This article is part of our FanDuel MLB series.
Savor this Wednesday, MLB fans. It might be the last day we have multiple games on the slate until spring. The Astros and Red Sox kick off the action in their Game 5 at 5:08 p.m. EDT, which means you'll have to get your lineups in during the afternoon. While the options for a DFS roster are clearly limited, I have a couple recommendations to try to help.
Framber Valdez, HOU at BOS ($8,000): I don't want to go with Julio Urias, given how much he's been used, and also the fact Dave Roberts has been making pitching moves like he's afraid they're going to be outlawed tomorrow. Chris Sale also hasn't necessarily been himself since returning to action. That leaves Valdez, who had a 3.11 ERA this season, including a 2.88 ERA on the road. His salary is third highest of the four pitchers going Wednesday. Honestly, in a situation like this, that's enough to be a tipping point.
Jose Altuve, HOU at BOS ($4,100): It was admittedly a sample size of 157 at-bats, but this year Sale allowed righties to hit .291 against him (though he wiped out lefties, naturally). Additionally, in the playoffs he's only pitched 3.2 innings across two appearances, giving up six runs. Altuve has hit a couple home runs in this series already, and during the regular season he hit .278 with 31 homers.
Xander Bogaerts, BOS vs. HOU ($3,900): I selected Valdez as a pitcher, but I had to select a pitcher. I don't think he's going to toss a complete game shutout or anything like that. Bogaerts was the offense for the Red Sox in Game 4, and Boston fans are used to seeing the 29-year-old excel at Fenway. Since 2019 he has a .945 OPS at home.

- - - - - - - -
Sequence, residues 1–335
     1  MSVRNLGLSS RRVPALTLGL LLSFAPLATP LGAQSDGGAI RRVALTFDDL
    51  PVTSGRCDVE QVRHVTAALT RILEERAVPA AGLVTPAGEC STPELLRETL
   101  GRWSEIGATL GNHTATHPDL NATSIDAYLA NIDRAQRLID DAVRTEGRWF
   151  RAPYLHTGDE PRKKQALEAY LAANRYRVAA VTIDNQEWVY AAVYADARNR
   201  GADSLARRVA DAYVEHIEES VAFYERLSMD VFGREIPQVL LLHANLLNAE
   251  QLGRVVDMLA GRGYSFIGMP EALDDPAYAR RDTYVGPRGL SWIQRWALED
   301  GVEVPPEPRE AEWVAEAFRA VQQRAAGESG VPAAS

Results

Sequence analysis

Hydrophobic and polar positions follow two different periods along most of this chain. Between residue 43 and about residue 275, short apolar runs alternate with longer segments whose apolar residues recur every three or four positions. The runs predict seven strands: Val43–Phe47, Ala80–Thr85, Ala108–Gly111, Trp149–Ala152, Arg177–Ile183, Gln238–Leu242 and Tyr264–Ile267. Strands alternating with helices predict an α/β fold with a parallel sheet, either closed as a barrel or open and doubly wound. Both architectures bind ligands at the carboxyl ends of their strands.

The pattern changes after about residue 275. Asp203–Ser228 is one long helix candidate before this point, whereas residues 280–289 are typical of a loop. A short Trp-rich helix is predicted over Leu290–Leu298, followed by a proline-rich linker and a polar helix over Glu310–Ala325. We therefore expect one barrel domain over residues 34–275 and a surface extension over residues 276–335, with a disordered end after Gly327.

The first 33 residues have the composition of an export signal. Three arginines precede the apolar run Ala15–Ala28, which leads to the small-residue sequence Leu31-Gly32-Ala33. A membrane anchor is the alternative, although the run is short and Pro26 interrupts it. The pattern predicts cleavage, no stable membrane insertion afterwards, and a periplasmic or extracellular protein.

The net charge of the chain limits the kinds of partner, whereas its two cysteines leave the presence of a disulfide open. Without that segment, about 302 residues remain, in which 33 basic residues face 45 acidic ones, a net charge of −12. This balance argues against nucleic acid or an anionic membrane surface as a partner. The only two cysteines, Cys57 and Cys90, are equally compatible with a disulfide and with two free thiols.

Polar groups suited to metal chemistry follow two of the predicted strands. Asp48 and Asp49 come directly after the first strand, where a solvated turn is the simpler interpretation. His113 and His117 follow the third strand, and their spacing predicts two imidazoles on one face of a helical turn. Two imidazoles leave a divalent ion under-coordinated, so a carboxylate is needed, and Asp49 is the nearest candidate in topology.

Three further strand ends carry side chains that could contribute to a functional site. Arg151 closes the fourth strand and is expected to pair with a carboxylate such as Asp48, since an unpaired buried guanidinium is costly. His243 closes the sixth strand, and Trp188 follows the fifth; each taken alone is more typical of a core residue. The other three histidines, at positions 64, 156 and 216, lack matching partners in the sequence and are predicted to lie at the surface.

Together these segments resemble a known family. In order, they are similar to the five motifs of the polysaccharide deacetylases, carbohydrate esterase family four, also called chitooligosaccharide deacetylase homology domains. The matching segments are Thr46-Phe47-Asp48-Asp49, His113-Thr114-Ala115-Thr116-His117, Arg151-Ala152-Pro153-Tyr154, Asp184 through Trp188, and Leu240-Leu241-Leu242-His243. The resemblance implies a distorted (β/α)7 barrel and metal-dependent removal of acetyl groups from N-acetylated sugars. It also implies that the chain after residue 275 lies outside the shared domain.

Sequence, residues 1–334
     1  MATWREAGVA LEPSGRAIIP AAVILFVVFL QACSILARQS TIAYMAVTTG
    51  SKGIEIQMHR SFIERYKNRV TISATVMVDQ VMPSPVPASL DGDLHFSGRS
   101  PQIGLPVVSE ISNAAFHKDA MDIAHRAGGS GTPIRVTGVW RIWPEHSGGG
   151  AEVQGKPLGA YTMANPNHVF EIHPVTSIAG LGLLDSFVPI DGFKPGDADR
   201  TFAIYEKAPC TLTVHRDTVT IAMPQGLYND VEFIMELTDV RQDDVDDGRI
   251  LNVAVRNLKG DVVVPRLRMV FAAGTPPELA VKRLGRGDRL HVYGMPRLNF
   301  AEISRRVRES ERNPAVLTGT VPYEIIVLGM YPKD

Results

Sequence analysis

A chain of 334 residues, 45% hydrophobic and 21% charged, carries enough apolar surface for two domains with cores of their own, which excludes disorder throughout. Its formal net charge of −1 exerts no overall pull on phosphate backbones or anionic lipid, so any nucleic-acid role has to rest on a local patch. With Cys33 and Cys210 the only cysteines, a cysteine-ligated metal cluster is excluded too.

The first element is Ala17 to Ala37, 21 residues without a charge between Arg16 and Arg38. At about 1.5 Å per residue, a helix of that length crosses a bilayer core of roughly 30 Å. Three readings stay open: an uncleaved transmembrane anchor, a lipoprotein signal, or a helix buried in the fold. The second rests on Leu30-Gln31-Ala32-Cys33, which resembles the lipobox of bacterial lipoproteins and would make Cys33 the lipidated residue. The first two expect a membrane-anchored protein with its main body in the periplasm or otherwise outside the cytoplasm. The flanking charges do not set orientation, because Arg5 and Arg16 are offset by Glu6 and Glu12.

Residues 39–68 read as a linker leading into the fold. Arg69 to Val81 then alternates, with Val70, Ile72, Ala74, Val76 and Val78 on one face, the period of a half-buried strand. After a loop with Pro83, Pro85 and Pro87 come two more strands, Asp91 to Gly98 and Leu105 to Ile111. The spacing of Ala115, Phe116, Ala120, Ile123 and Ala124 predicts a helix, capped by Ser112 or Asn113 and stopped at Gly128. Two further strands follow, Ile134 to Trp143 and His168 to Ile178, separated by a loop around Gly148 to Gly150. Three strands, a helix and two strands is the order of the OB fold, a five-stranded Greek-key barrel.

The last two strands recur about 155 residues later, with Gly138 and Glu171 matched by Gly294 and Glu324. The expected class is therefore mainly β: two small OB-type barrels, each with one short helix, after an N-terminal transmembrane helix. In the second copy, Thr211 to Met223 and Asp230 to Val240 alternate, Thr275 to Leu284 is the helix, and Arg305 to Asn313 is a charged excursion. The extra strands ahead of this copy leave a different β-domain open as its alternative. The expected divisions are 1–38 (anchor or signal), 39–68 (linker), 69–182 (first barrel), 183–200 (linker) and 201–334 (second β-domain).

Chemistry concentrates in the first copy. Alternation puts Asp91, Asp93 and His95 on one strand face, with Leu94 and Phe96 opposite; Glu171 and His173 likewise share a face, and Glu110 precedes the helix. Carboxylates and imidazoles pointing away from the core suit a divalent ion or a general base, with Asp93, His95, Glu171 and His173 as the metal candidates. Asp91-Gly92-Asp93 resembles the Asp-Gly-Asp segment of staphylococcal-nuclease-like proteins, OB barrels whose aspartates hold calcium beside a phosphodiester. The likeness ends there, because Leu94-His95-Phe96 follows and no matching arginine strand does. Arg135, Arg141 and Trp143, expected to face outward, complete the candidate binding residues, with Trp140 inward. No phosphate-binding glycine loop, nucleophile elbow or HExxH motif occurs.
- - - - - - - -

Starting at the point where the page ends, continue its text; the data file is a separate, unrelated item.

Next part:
Alex Bregman, HOU at BOS ($3,000): Seeing Bregman at this salary was something I had to jump on. Yes, he had an injury-marred year and struggled with his power a bit, but this is a guy who in 2019 posted a 1.015 OPS with 41 home runs. When he's on his game he's an elite hitter. Plus, he was better both away from home and against lefties this year, so this is his kind of matchup.
Adam Duvall, ATL at LAD ($2,600): Duvall is one of those "one swing of the bat" guys. Over the last three seasons he's batted .236, but with a .512 slugging percentage. This year he hit .228, but he still managed to hit 38 home runs in 146 games. When you are looking for a value bat, that's the kind of profile that can pay off big time.
STACK TO CONSIDER
Ynoa is not the kind of pitcher you typically find starting in a big postseason game like this one. He sported a 4.05 ERA in 18 appearances and allowed 1.38 home runs per nine innings. On the road, his ERA was a woeful 5.49. Atlanta may not leave him in there all that long, but there will still be opportunity here for L.A.'s big bats.
Betts leads off, so if anybody is going to fact Ynoa twice, it's him. This season he posted a .367 OBP with 23 home runs and 10 stolen bases even though he was limited to 122 games. He's definitely looked like the peak version of himself in the playoffs, as his .500 OBP and three stolen bases in the postseason can attest to. Seager is the one lefty I have facing the righty Ynoa. The shortstop hit .306 this year and had a .957 OPS on the road. Smith was batting cleanup in Game 3, which shows the faith the Dodgers have in his bat. The catcher posted a .860 OPS with 25 homers during the regular season, and in the playoffs he's slashed .364/.500/.636.